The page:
An Artistic Rebirth in Covington

Gallerist Suzanna Terrill embraces another neighborhood on the rise after a shattered dream in Over-the-Rhine

click to enlarge Terrill has returned to Cincy to curate a gallery - PHOTO: Hailey Bollinger
PHOTO: Hailey Bollinger
Terrill has returned to Cincy to curate a gallery

As an ambitious woman with a modern sensibility, Suzanna Terrill prefers to focus on the present. However, parallels to the past are hard to ignore as she encourages a new generation to buy local art. 

In 1998, Terrill opened an eponymous gallery at 1315 Main St. in Over-the-Rhine, when that neighborhood was still waiting to be reborn. She had wanted to be part of a renaissance, but the 2001 riots dashed those dreams. A photo of her behind a smashed window appeared in newspapers nationwide. Fearful of more unrest, customers stopped coming to Suzanna Terrill Gallery. By 2003, she decided to step away from gallery life and moved to Tennessee.

That was then. This is now. Terrill is back in Greater Cincinnati — this time in Covington — and she’s once again running an art space in a neighborhood that’s poised for a revival. She had returned to the area last year only because her sister was ill, yet an unexpected invitation from entrepreneur/collector Ramesh Malhotra to curate his new 124 West Pike St. Gallery was meant to be, Terrill believes.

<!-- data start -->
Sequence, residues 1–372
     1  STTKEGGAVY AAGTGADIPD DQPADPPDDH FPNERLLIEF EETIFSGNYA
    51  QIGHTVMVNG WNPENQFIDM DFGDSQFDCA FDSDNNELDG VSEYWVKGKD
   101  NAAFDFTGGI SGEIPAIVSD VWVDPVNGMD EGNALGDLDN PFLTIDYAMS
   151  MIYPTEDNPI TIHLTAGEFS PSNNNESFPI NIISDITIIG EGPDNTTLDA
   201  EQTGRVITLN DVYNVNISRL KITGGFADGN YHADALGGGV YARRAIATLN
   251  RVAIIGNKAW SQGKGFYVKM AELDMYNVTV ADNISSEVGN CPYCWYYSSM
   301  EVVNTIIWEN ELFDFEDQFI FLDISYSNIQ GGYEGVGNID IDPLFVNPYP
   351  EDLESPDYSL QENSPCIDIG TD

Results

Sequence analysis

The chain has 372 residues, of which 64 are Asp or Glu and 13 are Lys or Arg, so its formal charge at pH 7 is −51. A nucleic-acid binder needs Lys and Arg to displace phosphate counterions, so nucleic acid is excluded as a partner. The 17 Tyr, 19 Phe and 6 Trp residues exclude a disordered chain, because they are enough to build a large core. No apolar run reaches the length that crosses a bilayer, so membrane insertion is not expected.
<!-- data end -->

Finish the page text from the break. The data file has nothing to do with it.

The grand opening was in August, and while Terrill continues to look for ways to build traffic, the response so far has been very receptive, she says. “The nicest compliment I’ve got is people come in and say, ‘You know, there’s not one thing in this gallery that I don’t like.’ ” 

Terrill prefers art with an edge. The gallery currently houses abstracts cast from rubber, airbrushed scenes of outer space and birds’ eggs painted upon a gauzy textile that hangs from the ceiling. “Primary Colors” is a mixed-media sculpture that includes splatters of dried paint atop the work’s pedestal. Its artist, Robert Fry, is one of several — including Anthony Becker, Cedric Michael Cox, Celene Hawkins, Jeff Sutherland and Liz Zorn — who Terrill also represented two decades ago in OTR. 

Being an urban trailblazer in the late 1990s was great, Terrill says. And she is feeling like a pioneer again on Pike Street. At our interview, she even looks the part in a long denim skirt and jacket, plus lilac boots. Though she’s 77, she appears much younger. 

As she did in OTR, Terrill lives above her gallery with her pets. Her new neighbors and partners include the just-opened Duveneck Square apartments at 31 W. Pike St. A few more doors away at 2 W. Pike, the nonprofit Renaissance Covington is trying to create more buzz about the emerging arts district between MainStrasse and Madison Avenue. Zorn’s paintings hang inside the Hotel Covington on Madison, and the new apartments feature photographs by Marc Wavra, another gallery artist.

“The whole idea is to bring the neighborhood together so the shops can make a living — like what we tried to do on Main,” Terrill says.